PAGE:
Where was I? Hell, where am I? I’m one hour and twenty minutes into Tristan und Isolde, in the home of dear friends, their two dogs sleeping at my feet, and I am trying to write. But, I am distracted. By things. I didn’t get enough sleep last night. Fever dreams — by which I mean I was in and out of sleep, obsessing on things (so many THINGS) by which I’d felt assaulted during waking hours. For example, a writer I very much admire, CN, was passive-aggressively-attacked on Twitter by another writer I do not admire, J, who, in fact, annoys the shit out of me and was Tweeting the praises of a writer I like even less, J2, a misogynist, privileged, overrated mess of a blathering lit-idol. It pissed me off. I said so to J, who shortly thereafter blocked CN for questioning and debating the basis of the passive-aggressive attack. That’s some chickenshit there, to go after someone and then disappear when they respond. Mind you, J is the very same white writer who defended a racist poem published in The New Yorker and had the temerity to tell those it derided and degraded they had no right to feel affronted. So, fuck her.

C was leaving something out of the story he was telling himself. During the course of his CN,J,J2 tale taking place in Twitter world, there happened that thing that happens not infrequently, as in, C, himself just a small, outsider, visiting cog in Twit-lit-world, Tweeted something about the above described episode to which one of the large-insider-Twit-lit cogs, who he very much liked and by whom he was often and kindly acknowledged and engaged, responded, a response thereafter liked by the usual suspects who also qualified as large-insider-Twit-lit inhabitants, who had ignored C’s initial Tweet on which the response was predicated, which, in fact, made the response make sense. So, why was his original, pithy(ish) comment being ignored? Because he was a small cog in the structure that ruled the world and classism and elitism existed even in the literary world.

It bothered C. Which it ought not have. But it did. And so, that he was bothered, bothered C even more, which sort of botheration resulted in his fustian, prolix babble-versations with himself:

It shouldn’t matter to me who does or does not like a Tweet, or mutes me, or reads me. People are busy. Lives lived on Twitter are still — to some degree — connected to IRL lives, and my IRL life intersects with very few of the people with whom I’ve Twitter-lives, and the people who I interact with IRL, well, truth, they care nothing about my brain and mostly about my dick, hell, even my real life friends who do care about my brain and heart, mostly don’t know who Cn and J and J2 are. I’m living in entirely made-up worlds, or, I’m living alone. Mostly. In my head. So, shut up C. SHUT UP. You have spent so much energy trying to make a life where class and money and social-constructs don’t matter. A life with as few isms as possible. Even though body-shaming and ageism are HUGE on Grindr. Shit, wait. Let’s not delve there right now. Let us not think about how there are these constructs everywhere I go even though I have tried to make places for myself to go where there is no — wait — are no; WAIT! NO. This is my pressure. And, too, acknowledge that the pressures of the life-game endured by some of those who qualify as larger-Twit-lit inhabitants must be near-crushing and my life is not crushing. My life is all in my head. That’s where my crushing is. Crushing. I love what that word has turned into. Actually, my life is a lot of crushing, come to think of it, like on Nick Jonas’s dick. Which, apparently I have in common with many, many people and thus my peaking blog views cuz of my crushing in common. Common crushing? Dick crushing? Oh, wait. Stop. Write. I can almost stop, yes, because here is the Act 3 Liebestod. It’s almost over.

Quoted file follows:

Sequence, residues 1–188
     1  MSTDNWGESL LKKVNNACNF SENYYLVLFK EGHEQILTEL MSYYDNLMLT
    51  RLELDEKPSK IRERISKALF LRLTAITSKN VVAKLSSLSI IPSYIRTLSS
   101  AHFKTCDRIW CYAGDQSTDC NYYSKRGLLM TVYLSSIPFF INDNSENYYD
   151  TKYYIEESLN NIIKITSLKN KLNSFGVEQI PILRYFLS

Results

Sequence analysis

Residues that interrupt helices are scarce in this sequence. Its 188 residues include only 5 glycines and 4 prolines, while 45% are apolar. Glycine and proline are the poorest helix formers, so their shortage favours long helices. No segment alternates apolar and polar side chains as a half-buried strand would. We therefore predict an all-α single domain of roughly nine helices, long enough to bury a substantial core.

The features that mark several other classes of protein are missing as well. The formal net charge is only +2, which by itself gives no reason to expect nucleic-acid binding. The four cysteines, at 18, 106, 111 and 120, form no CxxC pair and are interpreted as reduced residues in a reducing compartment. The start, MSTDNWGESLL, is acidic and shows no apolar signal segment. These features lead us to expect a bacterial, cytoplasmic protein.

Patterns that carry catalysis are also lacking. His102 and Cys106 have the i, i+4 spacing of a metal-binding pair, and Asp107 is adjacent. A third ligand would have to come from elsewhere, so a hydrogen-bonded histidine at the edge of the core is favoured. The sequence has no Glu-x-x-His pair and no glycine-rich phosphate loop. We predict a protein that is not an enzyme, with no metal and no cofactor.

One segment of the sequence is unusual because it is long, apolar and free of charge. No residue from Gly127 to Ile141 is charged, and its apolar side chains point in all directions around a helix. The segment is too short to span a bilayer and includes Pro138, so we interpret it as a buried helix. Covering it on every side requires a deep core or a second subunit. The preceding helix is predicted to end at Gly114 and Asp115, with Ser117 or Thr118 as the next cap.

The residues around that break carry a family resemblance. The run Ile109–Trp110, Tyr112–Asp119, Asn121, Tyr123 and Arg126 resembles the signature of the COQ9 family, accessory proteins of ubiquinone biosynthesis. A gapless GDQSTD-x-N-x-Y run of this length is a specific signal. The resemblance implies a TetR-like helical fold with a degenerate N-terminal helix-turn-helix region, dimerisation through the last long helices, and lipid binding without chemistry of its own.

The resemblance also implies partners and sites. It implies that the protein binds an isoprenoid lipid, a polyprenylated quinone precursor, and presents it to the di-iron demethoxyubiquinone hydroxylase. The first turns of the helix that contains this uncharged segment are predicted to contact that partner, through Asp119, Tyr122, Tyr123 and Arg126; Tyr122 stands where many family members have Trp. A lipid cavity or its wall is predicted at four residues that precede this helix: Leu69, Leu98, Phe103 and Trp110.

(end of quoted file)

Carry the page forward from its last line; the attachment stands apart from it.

And he thought, Do I alone hear this melody? And realized, in all likelihood, yes. If he was quoting Wagner, he was going to be doing so alone, having these conversations with himself.

And there C was. Back where he’d started. Peaking blog views. Nick Jonas’s dick. Or, even further back, there, where he’d started, this C, at Judy Garland. Yes. There he was.

And here I am, going.

And then, as an afterthought, I tagged the post: Nick Jonas Big Dick, so that someone might read it. Which, they won’t. But, here, so it’s not a total waste:

Jonas, Nick cuddling jonas nick scream queens workout jonas tucker gay Jonas Nick nick-jonas-poses-shirtless-in-his-underwear-for-flaunt-magazine-01 Jonas Nick nick-jonas-poses-shirtless-in-his-underwear-for-flaunt-magazine-03 Jonas Nick nick-jonas-poses-shirtless-in-his-underwear-for-flaunt-magazine-04